Has it been a while since you replaced your furnace filter? Putting a clean filter into your furnace keeps the unit running efficiently and can keep dirt, pet hair and other debris from circulating back through your home. Furnace filters are easy to change, making this a quick, painless home maintenance task you can handle on your own.
When to Change Your Filter
Inexpensive basic filters should be changed every one or two months. High end filters with advanced designs can often go several months between changes. If you have a reusable electrostatic filter, you can reuse it indefinitely. You just need to rinse it with a garden house every few months to keep it clean.
An even better indicator than time is the appearance of the filter. If you pull it out, you can quickly see whether or not it needs to be changed. You can see the dirt, pet hair and other particles on the filter. If it looks dirty, it's time to either replace it or clean it.
Locate the Filter
This seems like an obvious step, but you need to find out where it is before you can change the filter. Shut off the furnace before you touch anything on it as a safety precaution. The filter goes either inside the furnace itself or inside the return air vent. You'll usually see a service panel that you can remove, which reveals the filter. Check your furnace manual if you're not sure where it's located.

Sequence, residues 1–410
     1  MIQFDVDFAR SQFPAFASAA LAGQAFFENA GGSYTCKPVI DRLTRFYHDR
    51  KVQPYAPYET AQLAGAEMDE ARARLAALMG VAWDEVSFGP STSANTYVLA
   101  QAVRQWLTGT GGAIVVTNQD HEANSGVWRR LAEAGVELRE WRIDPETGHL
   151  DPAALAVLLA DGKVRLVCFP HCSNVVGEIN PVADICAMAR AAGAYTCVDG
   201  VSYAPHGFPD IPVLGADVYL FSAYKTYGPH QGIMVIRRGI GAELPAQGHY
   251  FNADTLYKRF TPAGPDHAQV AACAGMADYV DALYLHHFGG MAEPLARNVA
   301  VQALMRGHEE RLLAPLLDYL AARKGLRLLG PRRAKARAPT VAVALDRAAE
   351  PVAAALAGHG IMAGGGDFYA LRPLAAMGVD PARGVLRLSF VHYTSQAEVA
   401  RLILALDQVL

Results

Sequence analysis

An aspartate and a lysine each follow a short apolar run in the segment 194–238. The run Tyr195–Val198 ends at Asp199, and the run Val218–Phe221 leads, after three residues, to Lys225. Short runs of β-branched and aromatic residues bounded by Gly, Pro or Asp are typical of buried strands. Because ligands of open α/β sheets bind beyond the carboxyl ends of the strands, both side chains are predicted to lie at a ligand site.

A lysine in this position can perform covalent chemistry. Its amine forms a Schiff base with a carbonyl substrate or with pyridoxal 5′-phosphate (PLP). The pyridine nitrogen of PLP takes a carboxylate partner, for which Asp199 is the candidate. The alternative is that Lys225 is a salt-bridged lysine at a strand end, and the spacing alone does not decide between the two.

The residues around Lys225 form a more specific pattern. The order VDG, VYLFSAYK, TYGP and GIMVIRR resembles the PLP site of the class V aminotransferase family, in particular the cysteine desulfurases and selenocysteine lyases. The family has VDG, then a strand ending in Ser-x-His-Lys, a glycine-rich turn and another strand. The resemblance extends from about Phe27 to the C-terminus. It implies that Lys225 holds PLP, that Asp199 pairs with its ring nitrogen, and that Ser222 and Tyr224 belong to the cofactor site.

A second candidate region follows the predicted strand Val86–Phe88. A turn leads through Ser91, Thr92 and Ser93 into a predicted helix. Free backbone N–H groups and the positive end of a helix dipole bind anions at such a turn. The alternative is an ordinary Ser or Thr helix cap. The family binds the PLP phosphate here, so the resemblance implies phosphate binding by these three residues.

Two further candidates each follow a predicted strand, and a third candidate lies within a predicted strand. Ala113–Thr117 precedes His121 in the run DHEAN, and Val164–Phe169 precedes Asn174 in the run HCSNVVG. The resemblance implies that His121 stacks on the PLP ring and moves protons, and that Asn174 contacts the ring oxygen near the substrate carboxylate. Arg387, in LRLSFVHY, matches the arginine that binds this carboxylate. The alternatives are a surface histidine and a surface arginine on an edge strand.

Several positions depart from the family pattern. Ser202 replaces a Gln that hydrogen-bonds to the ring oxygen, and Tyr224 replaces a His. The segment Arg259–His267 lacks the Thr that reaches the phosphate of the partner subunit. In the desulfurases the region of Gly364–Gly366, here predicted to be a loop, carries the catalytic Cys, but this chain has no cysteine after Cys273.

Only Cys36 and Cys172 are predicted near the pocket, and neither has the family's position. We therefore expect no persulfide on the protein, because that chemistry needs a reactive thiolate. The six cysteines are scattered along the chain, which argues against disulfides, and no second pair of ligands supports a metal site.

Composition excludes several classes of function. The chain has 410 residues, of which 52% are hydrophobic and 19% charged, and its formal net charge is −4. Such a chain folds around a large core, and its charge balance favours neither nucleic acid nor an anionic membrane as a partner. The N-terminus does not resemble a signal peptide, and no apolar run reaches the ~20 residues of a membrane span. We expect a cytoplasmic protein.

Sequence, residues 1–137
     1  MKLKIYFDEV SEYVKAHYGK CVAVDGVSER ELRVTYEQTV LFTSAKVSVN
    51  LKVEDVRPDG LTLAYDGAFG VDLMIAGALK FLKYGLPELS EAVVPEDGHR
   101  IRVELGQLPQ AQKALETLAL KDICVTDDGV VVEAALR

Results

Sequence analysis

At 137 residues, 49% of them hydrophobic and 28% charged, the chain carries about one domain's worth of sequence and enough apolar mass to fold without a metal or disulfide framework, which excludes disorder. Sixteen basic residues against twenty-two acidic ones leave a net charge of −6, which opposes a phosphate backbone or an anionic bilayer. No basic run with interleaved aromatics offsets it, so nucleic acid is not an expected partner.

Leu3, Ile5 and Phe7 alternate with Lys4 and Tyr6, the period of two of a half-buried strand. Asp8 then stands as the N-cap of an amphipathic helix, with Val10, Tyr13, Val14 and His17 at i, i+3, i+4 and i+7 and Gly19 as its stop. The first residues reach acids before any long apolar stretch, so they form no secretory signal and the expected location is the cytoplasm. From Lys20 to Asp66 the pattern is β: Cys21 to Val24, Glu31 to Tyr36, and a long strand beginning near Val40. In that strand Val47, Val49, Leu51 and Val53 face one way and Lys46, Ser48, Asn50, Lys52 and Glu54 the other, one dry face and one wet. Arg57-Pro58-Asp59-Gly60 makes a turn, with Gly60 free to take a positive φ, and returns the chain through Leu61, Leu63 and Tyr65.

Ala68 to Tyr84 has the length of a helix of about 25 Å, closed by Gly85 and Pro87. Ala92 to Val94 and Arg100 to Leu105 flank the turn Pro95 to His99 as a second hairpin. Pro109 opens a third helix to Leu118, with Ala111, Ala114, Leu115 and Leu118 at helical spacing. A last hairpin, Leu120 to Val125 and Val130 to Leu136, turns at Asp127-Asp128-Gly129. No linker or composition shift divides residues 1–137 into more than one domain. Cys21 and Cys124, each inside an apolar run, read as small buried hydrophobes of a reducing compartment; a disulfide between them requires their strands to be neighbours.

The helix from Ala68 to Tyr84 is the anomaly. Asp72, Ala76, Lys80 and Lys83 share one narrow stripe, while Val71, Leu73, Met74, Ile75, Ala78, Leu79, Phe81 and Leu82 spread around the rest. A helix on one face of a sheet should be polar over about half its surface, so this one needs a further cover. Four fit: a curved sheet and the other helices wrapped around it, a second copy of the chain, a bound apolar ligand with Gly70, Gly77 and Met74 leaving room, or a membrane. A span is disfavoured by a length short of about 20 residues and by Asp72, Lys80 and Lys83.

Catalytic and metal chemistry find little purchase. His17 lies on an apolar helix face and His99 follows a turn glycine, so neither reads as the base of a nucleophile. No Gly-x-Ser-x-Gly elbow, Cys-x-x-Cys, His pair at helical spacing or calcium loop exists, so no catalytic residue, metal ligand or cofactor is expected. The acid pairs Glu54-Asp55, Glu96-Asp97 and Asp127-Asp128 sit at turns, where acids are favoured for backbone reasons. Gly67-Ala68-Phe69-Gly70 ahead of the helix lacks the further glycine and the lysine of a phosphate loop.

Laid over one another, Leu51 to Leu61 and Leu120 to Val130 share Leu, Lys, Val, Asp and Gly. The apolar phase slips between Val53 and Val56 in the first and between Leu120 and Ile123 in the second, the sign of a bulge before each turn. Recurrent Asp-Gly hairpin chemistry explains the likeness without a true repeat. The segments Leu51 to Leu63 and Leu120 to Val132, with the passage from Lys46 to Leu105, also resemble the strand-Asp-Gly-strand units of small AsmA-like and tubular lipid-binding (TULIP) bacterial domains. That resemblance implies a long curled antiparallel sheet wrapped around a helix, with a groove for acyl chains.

Identify the Replacement Filter Type
Now that you've found the filter, look to see what type of filter it is. Disposable filters usually have cardboard frames. If the existing filter has a plastic frame, it's likely a reusable filter, which you can clean and put back into the furnace. The frame of the existing filter should show the size, which can vary from one unit to the next. You can also check the furnace manual to figure out what type and size of filter you need. The thickness is also a consideration. Furnace filters usually range from 1 to 2 inches thick, but some can be thicker.
Pull Out the Old Filter
You have your new filter in hand, and you're ready to handle the replacement. Make sure the furnace is off. Pull out the old filter and make note of how it goes into the slot. Your old filter should have arrows showing which direction the air flows. This can help you insert the new filter the same way. If the old filter is really dirty, the debris may be clumped on and can fall off, so have a trash can handy to dispose of it easily.
Slide in the New Filter
Remove any protective packaging from the new filter. Slide it into the filter space from which you just removed the old filter. Make sure the arrows on the frame point the same direction as the previous filter. Close the service panel, and turn the furnace back on. It now has a fresh filter that's ready to keep your HVAC system running efficiently.
Shelley Frost combines her love of DIY and writing in her freelance career. She has first-hand experience with tiling, painting, refinishing hardwood floors, installing lighting, roofing and many other home improvement projects. She keeps her DIY skills fresh with regular projects around the house and extensive writing work on the topic.